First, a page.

Anyone want another Mario Kart game on Wii U?
OK let’s get the weird facts out the way first; by the end of 2015, there will be four Mario Kart games available to download from the Wii U eShop - two of them handheld games. Additionally weird is that aside from Mario Kart 8, none of them offer the staple local multiplayer modes, immediately negating a large portion of the games.
Mario Kart DS is most famously known for kickstarting the Nintendo Wi-Fi Connection on the Nintendo DS. Here on Wii U, that mode functions as a reminder that the service no longer exists, as it is completely non-functional. This basically makes Mario Kart DS a single-player-only game, which leads into the more positive part of this review because it has one of the series’ best single-player modes and it is awesome. The missions in Mission Mode consist of several short challenges that are designed to teach you how to use the items or skills you’ll need to be a successful kart racer. Things start off easy like powersliding through gates or shooting green shells at Monty Moles, but this leads up to some devious time-based challenges and boss battles. There is an incredible amount of variety here, and every course and character is used. There are even unique stages only used for this mode. Online leaderboards didn’t exist back then - nor do they now - but you are given a three-star rating after every mission so completionists can enjoy perfecting every stage then bragging about it on Miiverse.
Grand Prix is the mode that unlocks new racers and karts and like the Mission Mode, a grade is given after completing every cup and this matters if you want to unlock everything. The rubber banding is not quite as bad as the later console games, and the blue shell can be defeated with a well placed bomb. There are some great new and retro tracks here, with Waluigi Pinball and Delfino Plaza being the most memorable. There is something fitting about playing the SNES stages in this retro style that pleases me.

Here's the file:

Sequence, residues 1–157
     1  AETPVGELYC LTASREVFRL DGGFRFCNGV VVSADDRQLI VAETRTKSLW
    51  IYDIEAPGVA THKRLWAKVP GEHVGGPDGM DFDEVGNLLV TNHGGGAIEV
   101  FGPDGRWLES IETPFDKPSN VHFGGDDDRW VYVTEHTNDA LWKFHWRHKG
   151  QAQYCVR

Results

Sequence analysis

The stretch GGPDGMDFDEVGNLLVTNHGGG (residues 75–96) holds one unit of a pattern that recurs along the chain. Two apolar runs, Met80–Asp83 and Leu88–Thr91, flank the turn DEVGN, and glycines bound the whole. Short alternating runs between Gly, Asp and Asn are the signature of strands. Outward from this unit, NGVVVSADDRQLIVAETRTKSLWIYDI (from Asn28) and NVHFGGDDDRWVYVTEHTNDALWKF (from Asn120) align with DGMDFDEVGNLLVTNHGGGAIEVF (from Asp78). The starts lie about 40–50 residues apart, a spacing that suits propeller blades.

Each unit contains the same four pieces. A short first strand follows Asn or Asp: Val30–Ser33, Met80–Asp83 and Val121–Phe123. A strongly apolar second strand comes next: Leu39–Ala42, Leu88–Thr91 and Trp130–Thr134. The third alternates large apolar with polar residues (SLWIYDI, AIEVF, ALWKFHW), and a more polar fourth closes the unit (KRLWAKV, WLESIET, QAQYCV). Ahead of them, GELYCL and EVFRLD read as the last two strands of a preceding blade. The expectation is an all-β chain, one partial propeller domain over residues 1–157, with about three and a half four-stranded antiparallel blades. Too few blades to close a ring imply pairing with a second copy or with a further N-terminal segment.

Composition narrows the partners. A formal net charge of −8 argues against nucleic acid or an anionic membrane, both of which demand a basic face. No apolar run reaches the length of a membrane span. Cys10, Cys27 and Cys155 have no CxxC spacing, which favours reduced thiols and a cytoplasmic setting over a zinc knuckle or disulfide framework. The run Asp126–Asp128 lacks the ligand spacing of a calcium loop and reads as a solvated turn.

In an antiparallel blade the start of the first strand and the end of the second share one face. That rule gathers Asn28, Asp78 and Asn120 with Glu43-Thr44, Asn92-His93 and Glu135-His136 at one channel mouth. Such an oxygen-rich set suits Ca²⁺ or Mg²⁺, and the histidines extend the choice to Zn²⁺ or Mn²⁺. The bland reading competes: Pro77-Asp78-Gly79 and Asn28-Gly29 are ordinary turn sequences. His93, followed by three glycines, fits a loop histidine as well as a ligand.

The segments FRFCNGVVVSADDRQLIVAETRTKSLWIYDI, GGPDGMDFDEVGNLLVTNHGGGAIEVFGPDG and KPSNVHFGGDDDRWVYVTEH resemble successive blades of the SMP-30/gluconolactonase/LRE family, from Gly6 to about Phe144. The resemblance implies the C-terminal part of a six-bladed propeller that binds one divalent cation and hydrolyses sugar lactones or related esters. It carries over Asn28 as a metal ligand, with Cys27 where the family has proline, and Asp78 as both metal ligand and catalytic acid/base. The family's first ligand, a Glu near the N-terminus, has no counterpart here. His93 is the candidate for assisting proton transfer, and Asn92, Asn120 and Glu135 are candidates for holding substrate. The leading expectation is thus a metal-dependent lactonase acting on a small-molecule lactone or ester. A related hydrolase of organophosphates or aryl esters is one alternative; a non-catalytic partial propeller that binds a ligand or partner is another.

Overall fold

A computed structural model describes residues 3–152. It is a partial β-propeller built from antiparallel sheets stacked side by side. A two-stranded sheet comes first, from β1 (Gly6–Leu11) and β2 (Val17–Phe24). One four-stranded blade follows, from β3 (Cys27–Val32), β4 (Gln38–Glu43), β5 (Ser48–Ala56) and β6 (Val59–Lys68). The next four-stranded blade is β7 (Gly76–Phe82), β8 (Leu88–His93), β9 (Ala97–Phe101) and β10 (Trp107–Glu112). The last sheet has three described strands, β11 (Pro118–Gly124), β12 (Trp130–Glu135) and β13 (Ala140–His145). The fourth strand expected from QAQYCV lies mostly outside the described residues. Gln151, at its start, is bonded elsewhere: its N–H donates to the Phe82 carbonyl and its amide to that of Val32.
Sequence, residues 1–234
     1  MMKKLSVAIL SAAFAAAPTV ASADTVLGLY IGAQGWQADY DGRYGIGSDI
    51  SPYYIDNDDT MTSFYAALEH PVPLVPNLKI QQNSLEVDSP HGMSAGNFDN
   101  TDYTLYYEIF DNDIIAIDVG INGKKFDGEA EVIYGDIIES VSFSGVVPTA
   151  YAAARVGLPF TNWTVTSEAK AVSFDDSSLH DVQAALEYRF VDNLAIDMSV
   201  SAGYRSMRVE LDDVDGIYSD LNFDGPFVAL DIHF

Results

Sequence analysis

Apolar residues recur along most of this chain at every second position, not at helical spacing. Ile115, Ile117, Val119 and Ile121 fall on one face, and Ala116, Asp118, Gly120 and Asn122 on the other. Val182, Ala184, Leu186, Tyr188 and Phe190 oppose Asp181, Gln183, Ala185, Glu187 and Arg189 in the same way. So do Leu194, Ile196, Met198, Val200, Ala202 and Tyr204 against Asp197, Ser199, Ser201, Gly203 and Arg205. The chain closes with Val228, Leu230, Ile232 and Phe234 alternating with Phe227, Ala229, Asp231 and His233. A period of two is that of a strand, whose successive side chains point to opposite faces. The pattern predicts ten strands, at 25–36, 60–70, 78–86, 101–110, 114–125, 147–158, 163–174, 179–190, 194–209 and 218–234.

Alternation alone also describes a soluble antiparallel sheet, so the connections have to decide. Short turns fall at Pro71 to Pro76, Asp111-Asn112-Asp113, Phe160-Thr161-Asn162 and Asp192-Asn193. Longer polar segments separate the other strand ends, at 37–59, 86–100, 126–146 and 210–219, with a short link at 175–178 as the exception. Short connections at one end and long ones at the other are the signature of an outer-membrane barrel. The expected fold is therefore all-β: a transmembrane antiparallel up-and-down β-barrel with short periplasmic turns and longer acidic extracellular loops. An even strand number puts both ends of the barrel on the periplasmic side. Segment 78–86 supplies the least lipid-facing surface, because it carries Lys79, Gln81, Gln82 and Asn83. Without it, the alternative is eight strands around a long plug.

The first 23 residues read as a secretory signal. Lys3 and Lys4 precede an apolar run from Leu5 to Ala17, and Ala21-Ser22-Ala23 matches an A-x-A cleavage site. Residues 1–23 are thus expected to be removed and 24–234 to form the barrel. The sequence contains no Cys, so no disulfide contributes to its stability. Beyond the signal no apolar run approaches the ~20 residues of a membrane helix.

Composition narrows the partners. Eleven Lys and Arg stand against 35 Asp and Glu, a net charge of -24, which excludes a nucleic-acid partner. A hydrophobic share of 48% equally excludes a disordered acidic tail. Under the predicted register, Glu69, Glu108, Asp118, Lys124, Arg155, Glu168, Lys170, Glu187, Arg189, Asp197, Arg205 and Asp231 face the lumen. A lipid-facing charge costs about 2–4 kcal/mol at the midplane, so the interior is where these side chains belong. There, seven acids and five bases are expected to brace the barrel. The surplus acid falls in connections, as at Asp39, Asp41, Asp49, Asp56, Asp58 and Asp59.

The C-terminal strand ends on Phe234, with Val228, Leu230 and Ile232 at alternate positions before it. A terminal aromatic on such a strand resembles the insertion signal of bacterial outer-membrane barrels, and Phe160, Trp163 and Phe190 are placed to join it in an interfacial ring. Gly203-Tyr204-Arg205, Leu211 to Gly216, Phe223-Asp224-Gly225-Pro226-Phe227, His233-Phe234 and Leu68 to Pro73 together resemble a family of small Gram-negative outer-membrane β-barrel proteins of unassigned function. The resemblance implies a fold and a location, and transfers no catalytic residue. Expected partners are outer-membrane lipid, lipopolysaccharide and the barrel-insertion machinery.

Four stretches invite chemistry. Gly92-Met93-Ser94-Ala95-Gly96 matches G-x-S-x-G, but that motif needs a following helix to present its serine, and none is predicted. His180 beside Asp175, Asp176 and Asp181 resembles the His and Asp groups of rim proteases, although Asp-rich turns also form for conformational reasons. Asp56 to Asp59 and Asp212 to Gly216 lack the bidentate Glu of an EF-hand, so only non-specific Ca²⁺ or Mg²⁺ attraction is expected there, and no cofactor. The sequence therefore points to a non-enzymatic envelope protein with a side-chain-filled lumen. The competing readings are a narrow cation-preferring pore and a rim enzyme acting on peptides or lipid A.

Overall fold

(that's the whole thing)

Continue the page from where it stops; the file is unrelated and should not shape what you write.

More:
The only other mode open to play is (ironically) the Battle Mode. Here you can play against seven CPUs, individually or in teams, and fight it out in Balloon Battle or Coin Runners. The seminal N64 Block Fort makes an appearance, and really makes you lament its absence in Mario Kart 8. Display methods work surprisingly well on Wii U, splitting the screens across the TV and GamePad look fine, as does putting both screens on the controller for off TV play.
Mario Kart DS is a weird game to recommend when it’s on a console with a modern version that has functional online modes and beautiful HD graphics. However, it is nice to play through Mission Mode again, one of the best Mario Kart single player modes outside of Mario Kart Wii’s (also defunct) tournament mode. If you’re fine with having a completely single-player Mario Kart game, go ahead and download it; it’s one of the series’ best. If not, Mario Kart DS is probably best left alone!